The Barber of Seville – Cancelled
Sarajevo’s Opera and Philharmonic were set to perform The Barber of Seville on Tuesday night. Written by Italian composer Gioachino Rossini the popular comic opera first appeared in Sarajevo in 1948 with several repeat performances over the years.
Co-produced with the Italian Embassy the opera is based on a play by French playwright Pierre Beaumarchais. The performance got cancelled with short notice when the lead vocalist developed laryngitis.
The Lady of the Camellias Ballet – aka Camille
Thursday night Sarajevo Ballet performed The Lady of the Camellias at the National Theater. Written by American choreographer and producer John Neumeier the Sarajevo Philharmonic Orchestra accompanied the ballet with choreography by Russian Vasili Medvedev and Frédéric Chopin’s music.
Background and Plot
John Neumeier’s ballet is based on Alexandre Dumas’ novel La Dame aux Camellias written in 1848. In 1852, a play of the same name premiered in Paris and was “an instant success”. Giuseppe Verdi put Dumas’ tragic story to music creating the opera La Traviata, with female protagonist Marguerite Gautier renamed Violetta Valéry.
Inspired by Verdi’s La Traviata, in 1978 Neumeier created a ballet using the same tragic theme with music by Frederic Chopin. His ballet is the story of a couple who meet in Paris at a performance of Puccini’s Manon Lescaut. This is significant because Manon Lescaut characters are similar to those in Neumeier’s ballet.
The title role, Marguerite Gautier, is based on Marie Duplessis, the real-life lover of Alexandre Dumas. Set in mid-19th-century France, it’s a tragic love story between fictional characters. The female protagonist, Marguerite, is a famous rococo courtesan with terminal consumption. Armand Duval, a young bourgeois aristocrat, meets her in Paris and falls in love.
The ballet takes place after Marguerite’s death at an auction of the furnishings in her “luxurious Paris apartment”. The story evolves as a “series of memories” recalled by several people:
- Nanina – Marguerite’s loyal servant
- Armand Duval – Marguerite’s lover
- Monsieur Duval – Armand’s father
Carrying Marguerite’s diary, Nanina says farewell to the Paris apartment. Among those at the auction is Monsieur Duval, whose son Armand “rushes in frantically overcome by his memories and emotions”. Armand tells his story about meeting Marguerite in Paris at a performance of Manon Lescaut and falling in love with her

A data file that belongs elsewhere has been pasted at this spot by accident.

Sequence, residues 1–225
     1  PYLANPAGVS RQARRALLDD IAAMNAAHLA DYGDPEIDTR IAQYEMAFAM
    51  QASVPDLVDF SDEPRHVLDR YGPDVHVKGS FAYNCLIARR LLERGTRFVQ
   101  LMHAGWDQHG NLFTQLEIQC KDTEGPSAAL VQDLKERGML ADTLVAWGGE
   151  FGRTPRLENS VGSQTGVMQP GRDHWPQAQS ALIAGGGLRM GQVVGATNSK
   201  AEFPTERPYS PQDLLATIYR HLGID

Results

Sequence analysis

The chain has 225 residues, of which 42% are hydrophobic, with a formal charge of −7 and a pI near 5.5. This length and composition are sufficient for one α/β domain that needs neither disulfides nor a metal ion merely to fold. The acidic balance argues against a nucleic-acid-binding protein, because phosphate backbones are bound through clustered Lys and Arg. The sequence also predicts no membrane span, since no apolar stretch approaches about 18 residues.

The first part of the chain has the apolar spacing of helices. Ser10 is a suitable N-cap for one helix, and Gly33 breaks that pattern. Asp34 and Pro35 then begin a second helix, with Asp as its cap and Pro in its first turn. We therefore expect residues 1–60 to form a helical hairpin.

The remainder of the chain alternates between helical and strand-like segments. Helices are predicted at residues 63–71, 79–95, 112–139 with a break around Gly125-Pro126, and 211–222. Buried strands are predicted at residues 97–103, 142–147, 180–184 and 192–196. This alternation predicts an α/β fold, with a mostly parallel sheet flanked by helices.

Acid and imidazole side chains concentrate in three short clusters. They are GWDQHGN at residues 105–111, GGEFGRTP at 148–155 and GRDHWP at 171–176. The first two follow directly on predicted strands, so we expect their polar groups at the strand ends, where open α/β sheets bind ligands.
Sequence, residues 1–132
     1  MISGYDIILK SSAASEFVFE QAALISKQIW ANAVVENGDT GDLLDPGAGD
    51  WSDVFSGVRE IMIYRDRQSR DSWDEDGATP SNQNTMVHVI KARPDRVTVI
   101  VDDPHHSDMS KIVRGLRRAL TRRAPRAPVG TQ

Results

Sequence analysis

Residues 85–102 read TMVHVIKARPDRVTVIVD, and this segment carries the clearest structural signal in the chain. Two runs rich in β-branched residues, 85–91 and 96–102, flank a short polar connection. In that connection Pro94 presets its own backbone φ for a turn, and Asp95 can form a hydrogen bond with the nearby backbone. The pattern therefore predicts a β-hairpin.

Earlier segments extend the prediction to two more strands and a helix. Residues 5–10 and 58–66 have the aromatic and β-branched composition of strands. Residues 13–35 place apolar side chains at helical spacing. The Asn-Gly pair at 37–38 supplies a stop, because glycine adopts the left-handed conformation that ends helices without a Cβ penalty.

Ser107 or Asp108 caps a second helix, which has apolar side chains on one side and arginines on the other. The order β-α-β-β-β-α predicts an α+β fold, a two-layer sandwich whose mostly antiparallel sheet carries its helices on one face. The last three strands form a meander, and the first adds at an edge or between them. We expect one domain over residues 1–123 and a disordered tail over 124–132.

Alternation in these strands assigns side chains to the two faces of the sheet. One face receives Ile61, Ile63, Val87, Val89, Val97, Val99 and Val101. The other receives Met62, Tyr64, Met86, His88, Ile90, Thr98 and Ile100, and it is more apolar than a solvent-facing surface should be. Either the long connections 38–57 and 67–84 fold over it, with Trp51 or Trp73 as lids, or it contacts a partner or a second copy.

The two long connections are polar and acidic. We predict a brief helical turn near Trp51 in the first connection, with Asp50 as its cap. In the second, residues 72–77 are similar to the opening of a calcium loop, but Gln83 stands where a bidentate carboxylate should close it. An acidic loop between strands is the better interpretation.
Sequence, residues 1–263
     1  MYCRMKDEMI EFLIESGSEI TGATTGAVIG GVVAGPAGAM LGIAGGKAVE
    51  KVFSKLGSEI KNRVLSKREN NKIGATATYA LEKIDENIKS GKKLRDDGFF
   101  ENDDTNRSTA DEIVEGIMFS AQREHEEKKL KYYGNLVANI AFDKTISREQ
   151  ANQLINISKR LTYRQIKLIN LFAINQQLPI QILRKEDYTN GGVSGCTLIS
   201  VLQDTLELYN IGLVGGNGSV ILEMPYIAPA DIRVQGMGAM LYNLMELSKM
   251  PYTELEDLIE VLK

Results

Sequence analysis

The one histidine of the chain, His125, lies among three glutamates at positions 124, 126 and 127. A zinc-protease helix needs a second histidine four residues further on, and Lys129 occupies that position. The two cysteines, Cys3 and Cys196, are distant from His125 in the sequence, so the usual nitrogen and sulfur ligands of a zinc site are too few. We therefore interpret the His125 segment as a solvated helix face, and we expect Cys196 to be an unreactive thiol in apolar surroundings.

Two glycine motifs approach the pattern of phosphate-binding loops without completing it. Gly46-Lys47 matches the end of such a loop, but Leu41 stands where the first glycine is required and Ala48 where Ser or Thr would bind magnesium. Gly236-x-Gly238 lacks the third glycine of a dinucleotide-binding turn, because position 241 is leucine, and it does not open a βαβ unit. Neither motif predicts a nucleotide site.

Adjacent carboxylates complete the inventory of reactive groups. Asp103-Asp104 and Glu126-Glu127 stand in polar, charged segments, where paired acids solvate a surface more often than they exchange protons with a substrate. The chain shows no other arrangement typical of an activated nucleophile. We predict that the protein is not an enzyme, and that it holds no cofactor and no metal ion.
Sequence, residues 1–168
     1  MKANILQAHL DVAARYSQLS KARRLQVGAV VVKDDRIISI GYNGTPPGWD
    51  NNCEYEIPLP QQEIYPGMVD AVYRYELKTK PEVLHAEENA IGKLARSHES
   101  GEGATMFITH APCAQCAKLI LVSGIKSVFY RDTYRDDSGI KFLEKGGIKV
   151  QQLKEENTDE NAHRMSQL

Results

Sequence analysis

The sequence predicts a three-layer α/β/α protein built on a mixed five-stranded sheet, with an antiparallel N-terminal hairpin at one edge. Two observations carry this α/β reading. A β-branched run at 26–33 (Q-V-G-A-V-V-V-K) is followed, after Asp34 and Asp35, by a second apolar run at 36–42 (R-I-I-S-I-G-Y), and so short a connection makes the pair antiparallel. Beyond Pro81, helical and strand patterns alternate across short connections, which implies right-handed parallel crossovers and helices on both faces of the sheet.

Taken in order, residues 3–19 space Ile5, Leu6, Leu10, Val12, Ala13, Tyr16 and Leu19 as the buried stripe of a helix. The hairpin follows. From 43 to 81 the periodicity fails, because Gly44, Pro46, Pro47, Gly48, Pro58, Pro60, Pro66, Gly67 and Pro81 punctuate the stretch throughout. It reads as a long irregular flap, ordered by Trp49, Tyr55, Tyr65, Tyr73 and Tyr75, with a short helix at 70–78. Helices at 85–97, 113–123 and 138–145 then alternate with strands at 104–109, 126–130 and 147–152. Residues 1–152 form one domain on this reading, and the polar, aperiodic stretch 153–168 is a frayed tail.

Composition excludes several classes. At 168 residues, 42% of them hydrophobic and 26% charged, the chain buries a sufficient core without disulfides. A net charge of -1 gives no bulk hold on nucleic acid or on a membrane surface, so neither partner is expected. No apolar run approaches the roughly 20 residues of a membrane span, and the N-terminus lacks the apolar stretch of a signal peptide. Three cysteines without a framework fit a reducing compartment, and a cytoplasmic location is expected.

Aware of her fatal illness Marguerite needs the comforts of luxury provided by wealthy Dukes and Counts. She’s attracted to Armand and they enjoy a “series of adventures” in and around Paris. For the benefit of her other admirers Marguerite “insists their affair remain secret”.
“While Marguerite continues her hectic life, hastening from ball to ball, from one ardent admirer to the next, from an old Duke to a young Count, Armand is always there — waiting for her.”
As time passes Marguerite acknowledges her love for Armand. They move to the countryside and are finally together while she regains her health.
Monsieur Duval visits Marguerite to insist that living with a prostitute will “ruin his son”. Marguerite protests but realizes the truth of Monsieur Duval’s accusations. She “gives in to his demands and out of deep and sincere love” leaves Armand.
Unbelieving, Armand follows Marguerite to Paris and finds her in the arms of the Duke. He takes revenge by flirting with a beautiful young courtesan, Olympia.
“Deathly ill, Marguerite visits Armand begging him not to hurt her by flaunting his affair with Olympia. Their passion ignites once more, but she remembers her promise to his father and leaves Armand a second time.”
Armand publicly humiliates Marguerite at a grand ball, by handing her money as payment for past services. She collapses.
Armand reaches the end of his story. Rejected because of her past, his beloved Marguerite dies alone. He will never see her again. Deeply moved, Armand’s father leaves. Marguerite’s servant Nanina approaches and gives Armand the diary containing Marguerite’s last thoughts of love for him.
The theme and characters from Puccini’s Manon Lescaut – where Armand and Marguerite first met in Paris – are ironically similar. The main character dies in the arms of her faithful lover. Armand silently closes Marguerite’s diary.
It was a lovely ballet and all seats in the house were sold. The set, costumes, and symphony were exquisite. Talented dancers shined while performing difficult choreography and the audience clearly appreciated them. Throughout the evening I detected many Italian and Russian accents. There was no printed program listing names of the dancers, and photos were not allowed.
Symphony, ballet, and opera performances in Sarajevo are inexpensive. I paid about $10 for a great seat at this fabulous performance.